Business Irish

Thursday 8 December 2016

So what is your house worth now?

The housing market could finally bottom out at 70 per cent below peak, finds Roisin Burke

Published 14/08/2011 | 05:00

There's talk of an ECB interest rate U-turn and cut, but Bank of Ireland and AIB are on solo runs to hike rates, heaping more misery on mortgage payers.

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That's not going to help an already static housing market, down some 50 per cent from peak, and with potential to tumble by 70 per cent.

It's time to look for the floor in relation to house prices.

But with almost nothing selling, how do you call it? The fire-sale phenomenon is one way, Daft.ie economist Ronan Lyons suggests.

A recent one in Donegal was a damp squib but Allsop's sale in the Shelbourne in Dublin was thronged with buyers and another is planned for September. With almost nothing being sold in the regular way, the knockdown price auctions "give a price point to buyers", said Mr Lyons, who has researched and graphed their results.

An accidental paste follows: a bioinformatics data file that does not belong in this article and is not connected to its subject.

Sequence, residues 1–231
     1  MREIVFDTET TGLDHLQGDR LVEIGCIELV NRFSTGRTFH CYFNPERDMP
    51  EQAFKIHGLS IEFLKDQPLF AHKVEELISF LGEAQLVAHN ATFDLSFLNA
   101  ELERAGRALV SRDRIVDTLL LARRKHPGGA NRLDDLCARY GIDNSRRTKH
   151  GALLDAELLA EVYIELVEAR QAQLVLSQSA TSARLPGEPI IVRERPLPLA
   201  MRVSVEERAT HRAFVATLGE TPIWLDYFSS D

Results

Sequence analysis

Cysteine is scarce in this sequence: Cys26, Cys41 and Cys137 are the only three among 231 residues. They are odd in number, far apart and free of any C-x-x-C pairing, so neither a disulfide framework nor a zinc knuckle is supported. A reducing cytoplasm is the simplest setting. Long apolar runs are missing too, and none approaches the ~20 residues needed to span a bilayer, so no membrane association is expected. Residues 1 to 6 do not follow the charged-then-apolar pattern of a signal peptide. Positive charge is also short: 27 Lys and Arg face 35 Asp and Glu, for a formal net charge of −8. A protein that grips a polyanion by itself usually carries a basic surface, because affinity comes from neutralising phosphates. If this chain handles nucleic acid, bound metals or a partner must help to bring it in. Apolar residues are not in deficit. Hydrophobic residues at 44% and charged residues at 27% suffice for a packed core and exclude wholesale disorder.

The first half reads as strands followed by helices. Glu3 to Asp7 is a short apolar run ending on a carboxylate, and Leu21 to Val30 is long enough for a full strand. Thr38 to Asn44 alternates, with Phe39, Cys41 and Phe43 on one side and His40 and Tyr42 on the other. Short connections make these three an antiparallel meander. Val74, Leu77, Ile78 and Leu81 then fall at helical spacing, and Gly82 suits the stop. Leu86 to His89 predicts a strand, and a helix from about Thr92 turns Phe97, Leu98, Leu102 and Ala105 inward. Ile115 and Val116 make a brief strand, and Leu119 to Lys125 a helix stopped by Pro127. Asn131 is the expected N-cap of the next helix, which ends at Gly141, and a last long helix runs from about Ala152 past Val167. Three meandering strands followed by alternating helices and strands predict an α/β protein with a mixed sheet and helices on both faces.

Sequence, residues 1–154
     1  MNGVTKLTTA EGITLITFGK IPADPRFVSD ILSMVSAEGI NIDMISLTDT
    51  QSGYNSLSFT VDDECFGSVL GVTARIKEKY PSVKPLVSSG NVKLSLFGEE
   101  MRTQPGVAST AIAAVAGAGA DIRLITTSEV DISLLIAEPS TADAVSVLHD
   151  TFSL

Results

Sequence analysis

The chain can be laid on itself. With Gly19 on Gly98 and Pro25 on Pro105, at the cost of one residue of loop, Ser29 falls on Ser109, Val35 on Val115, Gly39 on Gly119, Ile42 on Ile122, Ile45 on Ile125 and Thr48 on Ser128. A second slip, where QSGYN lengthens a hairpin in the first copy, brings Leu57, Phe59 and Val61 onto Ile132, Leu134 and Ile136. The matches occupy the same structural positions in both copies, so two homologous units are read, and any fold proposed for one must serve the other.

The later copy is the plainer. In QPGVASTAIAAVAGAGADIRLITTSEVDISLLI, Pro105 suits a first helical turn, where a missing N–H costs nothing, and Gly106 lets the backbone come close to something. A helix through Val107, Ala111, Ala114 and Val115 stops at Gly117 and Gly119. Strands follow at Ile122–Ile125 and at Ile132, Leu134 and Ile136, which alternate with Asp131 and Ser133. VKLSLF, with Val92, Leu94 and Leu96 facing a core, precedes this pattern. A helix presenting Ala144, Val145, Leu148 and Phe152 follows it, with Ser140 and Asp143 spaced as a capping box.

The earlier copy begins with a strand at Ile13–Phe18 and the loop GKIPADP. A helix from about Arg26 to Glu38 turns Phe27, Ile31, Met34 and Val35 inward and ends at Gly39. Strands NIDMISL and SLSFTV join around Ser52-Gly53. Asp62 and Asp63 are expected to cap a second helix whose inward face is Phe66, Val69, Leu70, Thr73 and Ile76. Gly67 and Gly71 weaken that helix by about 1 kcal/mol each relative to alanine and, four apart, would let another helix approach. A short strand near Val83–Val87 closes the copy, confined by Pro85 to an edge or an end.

"Fire sales show Dublin prices at 65 per cent below peak and prices elsewhere in the country at 70 per cent below peak," Mr Lyons added.

Official data on asking prices and CSO statistics suggest the Dublin housing market has dropped 50 per cent from peak and 40 per cent ballpark in the rest of the country. If the Allsop's auction next month attracts buyers, it will be interesting to see if the sale prices reflect more market softness than that.

"While the stats from Daft, the CSO and the ESRI appear to show prices for Dublin falling more than elsewhere, the Dublin market is adjusting faster and looks like it's actually probably closer to stabilising," said Mr Lyons.

Not so in other areas perhaps. Prices in the upper Shannon region (Leitrim, Roscommon, Cavan), places where councils were more trigger-happy with planning permission and tax-break uptake was high, and "where there was overconstruction and there is oversupply and fewer centres for jobs, it probably won't improve much within the next five years", he predicts.

However, recovery could start over 2012-2013 in Dublin, within six to 12 months, he suggests. "Cork will follow quite soon after Dublin, in the second half of 2012, and cities like Galway, Waterford and Limerick within 12 months of Dublin.

"Recovery does not mean prices going back up to where they were. What we need to see is prices moving in line with inflation, a little above that, growing by about two to three per cent a year," he said.

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